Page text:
“Then, when Ebola hit, we invested a couple of million dollars and worked with our partner Last Mile Health to scale it up to cover half of the country. Within six months, the spread of Ebola had been contained. By reducing mortality rates in places like this, you offer the chance of increasing educational attainment and growing the GDP.”
The Liberian government has now made the women key advisers on their health policy, which underlines to a remarkable extent the value of philanthropy being painstakingly targeted and the far-reaching effects it can have when the usual routes are side-stepped in favour of innovation and imagination.
This makes you think what Tom and his team will achieve with $100m or $1billion – and all starting with the first knock on the door from a UBS customer wanting to start a new financial journey.
Tom explains: “The really exciting thing for us is that, at the macro level, UBS manages about $2trillion of wealth and about one per cent goes in to philanthropy already. This amounts to around $20billion - more than all the major US foundations put together. But our analysis would be that, while a lot of that is project-focused and having a direct impact, it is not having what we would call a market-level impact creating new ways of doing things.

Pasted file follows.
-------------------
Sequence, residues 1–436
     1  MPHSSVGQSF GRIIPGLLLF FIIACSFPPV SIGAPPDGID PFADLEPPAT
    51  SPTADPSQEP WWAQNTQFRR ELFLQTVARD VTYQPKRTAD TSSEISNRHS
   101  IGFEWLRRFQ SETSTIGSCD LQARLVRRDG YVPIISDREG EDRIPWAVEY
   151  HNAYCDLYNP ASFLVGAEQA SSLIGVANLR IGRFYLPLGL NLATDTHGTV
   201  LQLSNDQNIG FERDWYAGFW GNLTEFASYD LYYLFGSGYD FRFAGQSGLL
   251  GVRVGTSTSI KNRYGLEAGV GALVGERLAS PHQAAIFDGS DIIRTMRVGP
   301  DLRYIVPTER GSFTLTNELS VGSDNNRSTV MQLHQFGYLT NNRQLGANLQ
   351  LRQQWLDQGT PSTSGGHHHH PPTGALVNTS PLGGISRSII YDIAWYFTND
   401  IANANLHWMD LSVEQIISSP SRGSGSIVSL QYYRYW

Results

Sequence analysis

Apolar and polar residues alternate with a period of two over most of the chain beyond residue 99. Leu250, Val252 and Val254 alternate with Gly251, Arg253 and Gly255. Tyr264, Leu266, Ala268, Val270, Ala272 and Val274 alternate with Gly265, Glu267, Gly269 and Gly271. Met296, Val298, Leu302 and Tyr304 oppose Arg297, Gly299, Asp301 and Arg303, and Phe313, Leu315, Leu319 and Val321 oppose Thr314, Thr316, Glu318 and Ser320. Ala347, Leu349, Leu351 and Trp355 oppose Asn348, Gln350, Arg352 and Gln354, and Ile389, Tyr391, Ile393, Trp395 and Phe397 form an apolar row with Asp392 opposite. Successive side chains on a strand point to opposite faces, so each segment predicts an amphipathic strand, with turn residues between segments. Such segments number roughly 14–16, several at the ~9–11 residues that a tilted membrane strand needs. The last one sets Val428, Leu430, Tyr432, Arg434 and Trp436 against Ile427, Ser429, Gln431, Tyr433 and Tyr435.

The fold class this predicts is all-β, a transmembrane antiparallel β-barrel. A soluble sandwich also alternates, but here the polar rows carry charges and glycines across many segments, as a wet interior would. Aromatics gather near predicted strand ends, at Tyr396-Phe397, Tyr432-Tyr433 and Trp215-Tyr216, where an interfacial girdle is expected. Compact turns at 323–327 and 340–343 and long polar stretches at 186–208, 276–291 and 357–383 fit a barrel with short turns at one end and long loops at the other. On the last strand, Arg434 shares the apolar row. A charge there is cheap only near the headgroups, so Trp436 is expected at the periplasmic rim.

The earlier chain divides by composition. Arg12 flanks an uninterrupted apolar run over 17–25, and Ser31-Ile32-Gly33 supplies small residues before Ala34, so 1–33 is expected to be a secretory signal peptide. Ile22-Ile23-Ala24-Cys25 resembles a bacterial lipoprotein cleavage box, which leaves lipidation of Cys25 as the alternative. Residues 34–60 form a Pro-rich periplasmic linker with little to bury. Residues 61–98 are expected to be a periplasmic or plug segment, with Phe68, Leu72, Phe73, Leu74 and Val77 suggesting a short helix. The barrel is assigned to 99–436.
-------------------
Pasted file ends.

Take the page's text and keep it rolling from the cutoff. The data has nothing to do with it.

“So we will tell those clients that we want to support them on their journey wherever they are. At the front end of that, they need to think how much they want to give and then we can help them plan how to give that efficiently.
“This is where the DAF might come in. If you were giving £20million of your £40million fortune and yet you only had an annual income of £500,000, then giving it all in one go might not be as efficient a route as giving that £20million over 20 years and effectively doubling your giving capacity. Products like the UBS Donor-Advised Foundation can help with that because it allows you to take advantage of current potential tax benefits of giving to charity and gives you the option of making grants now or building a long-term fund to create a lasting legacy.